It is fairly simple business to pigeonhole a building based on its architectural style. The Writers’ Building is Greco-Roman. The High Court is Gothic. The Esplanade Mansions are Art Nouveau. But one building in Calcutta completely defies such pigeonholing, partly because it was designed by a man who was a musician, alongside being an architect. The man in question is Harry Stuart Goodhart-Rendel, and the building is Gillander House.

Gillander House

Wednesday, 25 February 2015

The South Park Street Cemetery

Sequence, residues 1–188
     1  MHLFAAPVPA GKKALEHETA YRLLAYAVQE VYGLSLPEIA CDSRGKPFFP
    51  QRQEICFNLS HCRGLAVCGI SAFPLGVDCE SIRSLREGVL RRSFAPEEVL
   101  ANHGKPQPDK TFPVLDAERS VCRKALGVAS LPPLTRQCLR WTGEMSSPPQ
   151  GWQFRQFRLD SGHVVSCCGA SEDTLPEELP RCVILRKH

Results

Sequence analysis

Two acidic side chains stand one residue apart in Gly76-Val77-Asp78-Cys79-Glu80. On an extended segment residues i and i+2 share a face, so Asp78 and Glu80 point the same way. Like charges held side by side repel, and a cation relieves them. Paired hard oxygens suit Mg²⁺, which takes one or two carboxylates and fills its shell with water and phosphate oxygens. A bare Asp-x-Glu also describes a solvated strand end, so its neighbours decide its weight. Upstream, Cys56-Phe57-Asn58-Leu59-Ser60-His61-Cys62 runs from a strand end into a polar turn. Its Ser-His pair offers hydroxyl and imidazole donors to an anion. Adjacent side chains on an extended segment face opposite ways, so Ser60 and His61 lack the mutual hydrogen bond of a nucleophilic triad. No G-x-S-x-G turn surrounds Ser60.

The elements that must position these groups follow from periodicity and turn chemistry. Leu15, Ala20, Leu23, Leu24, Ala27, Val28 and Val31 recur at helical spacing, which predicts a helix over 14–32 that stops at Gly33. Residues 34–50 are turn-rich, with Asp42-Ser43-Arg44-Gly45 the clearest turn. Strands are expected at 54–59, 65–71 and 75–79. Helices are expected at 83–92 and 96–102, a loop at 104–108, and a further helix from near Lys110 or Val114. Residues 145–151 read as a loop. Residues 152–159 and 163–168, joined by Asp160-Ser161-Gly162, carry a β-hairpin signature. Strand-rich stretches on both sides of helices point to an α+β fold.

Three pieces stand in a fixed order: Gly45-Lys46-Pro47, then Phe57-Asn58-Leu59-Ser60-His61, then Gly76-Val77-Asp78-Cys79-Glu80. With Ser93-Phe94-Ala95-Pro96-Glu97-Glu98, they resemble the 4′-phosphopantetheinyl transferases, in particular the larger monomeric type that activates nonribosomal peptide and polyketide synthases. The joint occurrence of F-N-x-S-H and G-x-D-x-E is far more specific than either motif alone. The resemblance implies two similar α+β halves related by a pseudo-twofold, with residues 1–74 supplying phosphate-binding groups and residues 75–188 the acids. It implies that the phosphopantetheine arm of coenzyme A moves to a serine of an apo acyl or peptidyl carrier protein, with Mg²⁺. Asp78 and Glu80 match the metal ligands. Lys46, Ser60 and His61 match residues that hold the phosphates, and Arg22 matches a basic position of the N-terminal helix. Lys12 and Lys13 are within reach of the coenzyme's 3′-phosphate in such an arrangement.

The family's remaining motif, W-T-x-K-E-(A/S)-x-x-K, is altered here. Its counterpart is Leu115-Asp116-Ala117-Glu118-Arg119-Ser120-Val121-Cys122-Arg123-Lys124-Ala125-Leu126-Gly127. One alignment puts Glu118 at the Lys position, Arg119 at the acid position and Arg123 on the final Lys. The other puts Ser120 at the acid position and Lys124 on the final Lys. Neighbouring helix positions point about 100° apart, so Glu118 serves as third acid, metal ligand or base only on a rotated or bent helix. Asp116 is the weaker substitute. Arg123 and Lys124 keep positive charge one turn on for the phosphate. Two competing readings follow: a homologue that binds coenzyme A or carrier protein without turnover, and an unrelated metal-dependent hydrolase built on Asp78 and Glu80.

Located at the corner of Park Street (now Mother Teresa Sarani) and Lower Circular Road (now A.J.C Bose Road) is the South Park Street Cemetery, known to many as “the great cemetery”. One of the largest colonial cemeteries of its kind, it is today one of the many tourist attractions of Calcutta (Kolkata). The South Park Street Cemetery replaced the St. John’s Church graveyard as the principal burial ground of Calcutta and the road leading to it, which is today called Park Street, was originally known as Burial Ground Road. It is perhaps difficult to imagine that this part of the city was a jungle back then. Clive hunted tigers in what is today Free School Street. Indeed, so far away was this from the main city, that the Bishop who had to be present for the burial, had to be paid a special allowance so he could maintain a carriage and horses. The reasons behind siting a cemetery so far away from town are not difficult to understand. Calcutta was a malarial swamp, and in an era where there was no understanding of tropical disease, poor hygiene and poorer diet, the mortality rate was shockingly high. The monsoons were particularly bad, and every year at the end of the rainy season, feasts would be organised by those left living to give thanks to God. In such a scenario, repeated reminders of death in the form of funeral processions were thought of as undesirable.